Since the beginning of the slasher genre, wherever you feel it truly began, filmmakers have been taking a holiday, adding a killer or killers alongside side creative or generic kills, showing a varied amount of skin and trying to find a way to the make some original or at least make a few dollars in the pursuit of slasher picture that grabs you. There in lies the dilemma. Slasher pictures are great because they are generic and follow a few formulaic principles. Think of them as roller coaster rides. You go up. You go down. Sometimes you get a loop or two and if you’re lucky enough to find a special coaster you’ll either have a gimmick to entice you in (think of the Superman suspension coaster) or you’ll be drawn in by the archaic styling and track construction (wooden coasters can be as terrifying is the biggest sky drop at Six Flags). That brings us to Mischief Night directed by Richard Schnekman and brought to us by Image Entertainment.
Synopsis from Image:
Emily Walton, who has suffered from psychosomatic blindness ever since the car accident that took her mother's life, must summon every instinct at her disposal to protect herself and her loved ones from a mysterious intruder the night before Halloween.
In Mischief Night we have a slasher subgenre, holiday horror movie that feels like just about every slasher movie you saw in the late 90’s while trying to be attractive using the reputation and "dread" of Mischief Night or as it is called in other parts of the world, Goosey Night or Devil’s Night... The day BEFORE Halloween. Well there was a slasher movie called Halloween and one called The Day After Halloween, so this should complete the concept right? Wrong. For those of you who have seen The Day After Halloween, you know that the production value is substandard, the kills are blah to the max although it’s somewhat entertaining as a retro laughter with extra cheese and gratuity. If The Day After Halloween is ozploitation magic that works because it’s so bad that it’s laughable than Mischief Night doesn’t work because it’s generic and tries to take itself too seriously. Perhaps a tongue more fully planted in cheek could have helped this one out.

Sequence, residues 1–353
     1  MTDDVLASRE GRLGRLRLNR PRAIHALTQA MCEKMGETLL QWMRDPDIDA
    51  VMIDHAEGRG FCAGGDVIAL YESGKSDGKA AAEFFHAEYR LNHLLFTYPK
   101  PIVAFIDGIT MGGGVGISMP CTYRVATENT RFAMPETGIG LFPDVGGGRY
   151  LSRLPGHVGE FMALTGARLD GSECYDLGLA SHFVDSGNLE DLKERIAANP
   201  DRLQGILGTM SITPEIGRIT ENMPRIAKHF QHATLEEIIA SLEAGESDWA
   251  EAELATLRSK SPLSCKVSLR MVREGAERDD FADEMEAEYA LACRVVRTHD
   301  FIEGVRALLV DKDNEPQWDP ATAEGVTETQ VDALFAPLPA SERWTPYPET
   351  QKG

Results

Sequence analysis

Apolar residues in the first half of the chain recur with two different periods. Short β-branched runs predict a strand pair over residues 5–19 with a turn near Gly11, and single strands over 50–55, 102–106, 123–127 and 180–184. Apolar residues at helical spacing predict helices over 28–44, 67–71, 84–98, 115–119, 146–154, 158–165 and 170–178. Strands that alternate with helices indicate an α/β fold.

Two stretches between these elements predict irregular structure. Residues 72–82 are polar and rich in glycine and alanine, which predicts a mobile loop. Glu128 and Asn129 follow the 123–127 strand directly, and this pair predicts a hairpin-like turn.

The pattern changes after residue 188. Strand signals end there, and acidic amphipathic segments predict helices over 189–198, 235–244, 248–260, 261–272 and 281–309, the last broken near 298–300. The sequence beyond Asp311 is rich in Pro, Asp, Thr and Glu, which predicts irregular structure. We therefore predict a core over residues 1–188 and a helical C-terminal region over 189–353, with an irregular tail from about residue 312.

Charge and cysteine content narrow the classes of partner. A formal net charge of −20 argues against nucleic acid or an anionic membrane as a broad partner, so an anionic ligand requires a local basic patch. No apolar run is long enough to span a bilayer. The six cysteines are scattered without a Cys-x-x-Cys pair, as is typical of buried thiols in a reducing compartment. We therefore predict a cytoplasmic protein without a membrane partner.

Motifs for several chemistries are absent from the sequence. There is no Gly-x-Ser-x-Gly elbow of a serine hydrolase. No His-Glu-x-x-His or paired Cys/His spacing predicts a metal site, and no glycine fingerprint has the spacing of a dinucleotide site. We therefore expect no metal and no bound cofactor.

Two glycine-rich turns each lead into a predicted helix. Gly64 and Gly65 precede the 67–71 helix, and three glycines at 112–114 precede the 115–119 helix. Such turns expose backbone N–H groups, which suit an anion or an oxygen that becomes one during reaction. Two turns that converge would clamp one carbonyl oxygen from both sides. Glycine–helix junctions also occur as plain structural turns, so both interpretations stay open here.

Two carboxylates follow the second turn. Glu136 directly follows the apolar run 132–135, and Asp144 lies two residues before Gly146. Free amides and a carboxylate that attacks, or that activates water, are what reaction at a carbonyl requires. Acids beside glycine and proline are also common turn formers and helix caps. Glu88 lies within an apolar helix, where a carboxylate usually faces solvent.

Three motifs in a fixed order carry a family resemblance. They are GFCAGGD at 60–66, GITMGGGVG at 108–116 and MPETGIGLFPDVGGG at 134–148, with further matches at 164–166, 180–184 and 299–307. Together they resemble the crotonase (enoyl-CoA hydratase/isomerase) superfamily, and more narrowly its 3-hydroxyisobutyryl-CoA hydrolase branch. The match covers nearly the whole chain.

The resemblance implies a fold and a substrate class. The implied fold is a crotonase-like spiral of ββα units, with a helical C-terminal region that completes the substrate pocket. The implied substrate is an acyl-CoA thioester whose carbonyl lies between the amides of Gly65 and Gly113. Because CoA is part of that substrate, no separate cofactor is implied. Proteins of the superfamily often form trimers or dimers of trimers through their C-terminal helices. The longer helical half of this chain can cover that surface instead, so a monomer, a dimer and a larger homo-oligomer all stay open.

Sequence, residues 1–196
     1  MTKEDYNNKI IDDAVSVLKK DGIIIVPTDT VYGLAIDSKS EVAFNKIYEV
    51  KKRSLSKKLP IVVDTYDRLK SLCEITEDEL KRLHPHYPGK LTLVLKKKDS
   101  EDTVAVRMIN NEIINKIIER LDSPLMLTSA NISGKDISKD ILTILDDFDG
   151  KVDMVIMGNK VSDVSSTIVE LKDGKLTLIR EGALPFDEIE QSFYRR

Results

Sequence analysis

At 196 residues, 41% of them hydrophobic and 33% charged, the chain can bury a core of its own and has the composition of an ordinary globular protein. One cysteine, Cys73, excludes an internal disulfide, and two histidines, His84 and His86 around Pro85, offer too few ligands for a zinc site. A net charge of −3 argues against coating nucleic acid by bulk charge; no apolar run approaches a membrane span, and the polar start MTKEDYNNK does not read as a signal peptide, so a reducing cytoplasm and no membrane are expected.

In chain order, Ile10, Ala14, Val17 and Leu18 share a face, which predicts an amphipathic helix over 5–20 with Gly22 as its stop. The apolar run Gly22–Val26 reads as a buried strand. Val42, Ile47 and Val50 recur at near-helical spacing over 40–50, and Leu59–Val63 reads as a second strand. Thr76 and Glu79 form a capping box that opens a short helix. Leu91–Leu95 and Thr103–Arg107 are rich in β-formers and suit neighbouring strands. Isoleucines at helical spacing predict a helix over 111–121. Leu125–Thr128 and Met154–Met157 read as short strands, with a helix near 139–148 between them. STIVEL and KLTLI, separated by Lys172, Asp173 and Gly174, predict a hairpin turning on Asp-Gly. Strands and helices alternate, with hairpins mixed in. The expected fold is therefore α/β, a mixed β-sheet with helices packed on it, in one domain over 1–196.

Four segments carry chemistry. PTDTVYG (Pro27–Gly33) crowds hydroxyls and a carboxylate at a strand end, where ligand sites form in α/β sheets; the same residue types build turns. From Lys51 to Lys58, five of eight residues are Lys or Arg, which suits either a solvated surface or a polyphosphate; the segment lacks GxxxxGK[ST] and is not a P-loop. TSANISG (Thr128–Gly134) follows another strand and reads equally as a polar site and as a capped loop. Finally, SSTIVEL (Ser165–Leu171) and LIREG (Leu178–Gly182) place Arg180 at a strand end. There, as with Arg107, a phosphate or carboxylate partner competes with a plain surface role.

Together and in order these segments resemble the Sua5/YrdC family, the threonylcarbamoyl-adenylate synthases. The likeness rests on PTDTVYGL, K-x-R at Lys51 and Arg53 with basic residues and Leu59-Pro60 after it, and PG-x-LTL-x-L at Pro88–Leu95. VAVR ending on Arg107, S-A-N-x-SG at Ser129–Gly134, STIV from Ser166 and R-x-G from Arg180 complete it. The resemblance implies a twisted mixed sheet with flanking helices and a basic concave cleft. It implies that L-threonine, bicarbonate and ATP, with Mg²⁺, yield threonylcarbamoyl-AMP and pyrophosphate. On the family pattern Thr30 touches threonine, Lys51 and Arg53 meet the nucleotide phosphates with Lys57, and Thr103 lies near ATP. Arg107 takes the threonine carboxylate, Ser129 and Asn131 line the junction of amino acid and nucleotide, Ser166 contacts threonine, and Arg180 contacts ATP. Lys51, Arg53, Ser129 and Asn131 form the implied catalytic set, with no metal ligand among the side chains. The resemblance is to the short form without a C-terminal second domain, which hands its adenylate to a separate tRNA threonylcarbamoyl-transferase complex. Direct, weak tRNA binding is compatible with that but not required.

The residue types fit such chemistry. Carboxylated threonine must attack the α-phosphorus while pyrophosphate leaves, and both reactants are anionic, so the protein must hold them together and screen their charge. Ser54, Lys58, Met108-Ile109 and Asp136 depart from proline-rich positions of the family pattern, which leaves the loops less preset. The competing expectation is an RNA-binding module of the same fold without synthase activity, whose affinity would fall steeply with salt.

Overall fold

A killer who runs around in a hood who is essentially stalking a blind girl just doesn’t have pizazz. Further I find it difficult to believe that this movie can appeal to an audience of this generation. We’ve seen better kills. The best kills. We’ve been made to laugh at and along with our villains and we’ve even seen our killers dissect the movies right on screen as they imitate and become philosophical homicidal maniacs. The last thing we need is a guy in a hood with a mask that you might see in Party City trying to attack someone you simply don’t care about.
Mischief Night looks good, and perhaps that will make it watchable. It’s not like we’re talking about a movie that bounces all over the place with an essentially black screen through half the movie while we try to decipher bits of dialogue through audio glitches. This is a competent movie, but it’s a boring movie. Still, I can’t help but think that the “I Know What You Did…” crowd might get a kick out of this, and that simply by not being a fan of that franchise, I’m put off by Mischief Night.
Do not expect a movie that cleverly plays on the title or makes itself relevant to the holiday from which it derives its name. It won't soap your windows or toilet paper your trees or egg your house or hang tampons from your basketball hoop, but you 90's kids just might love it.
You can pick up Mischief Night NOW! The disc includes a special behind-the-scenes featurette and sports an alluring, somewhat creepy cover.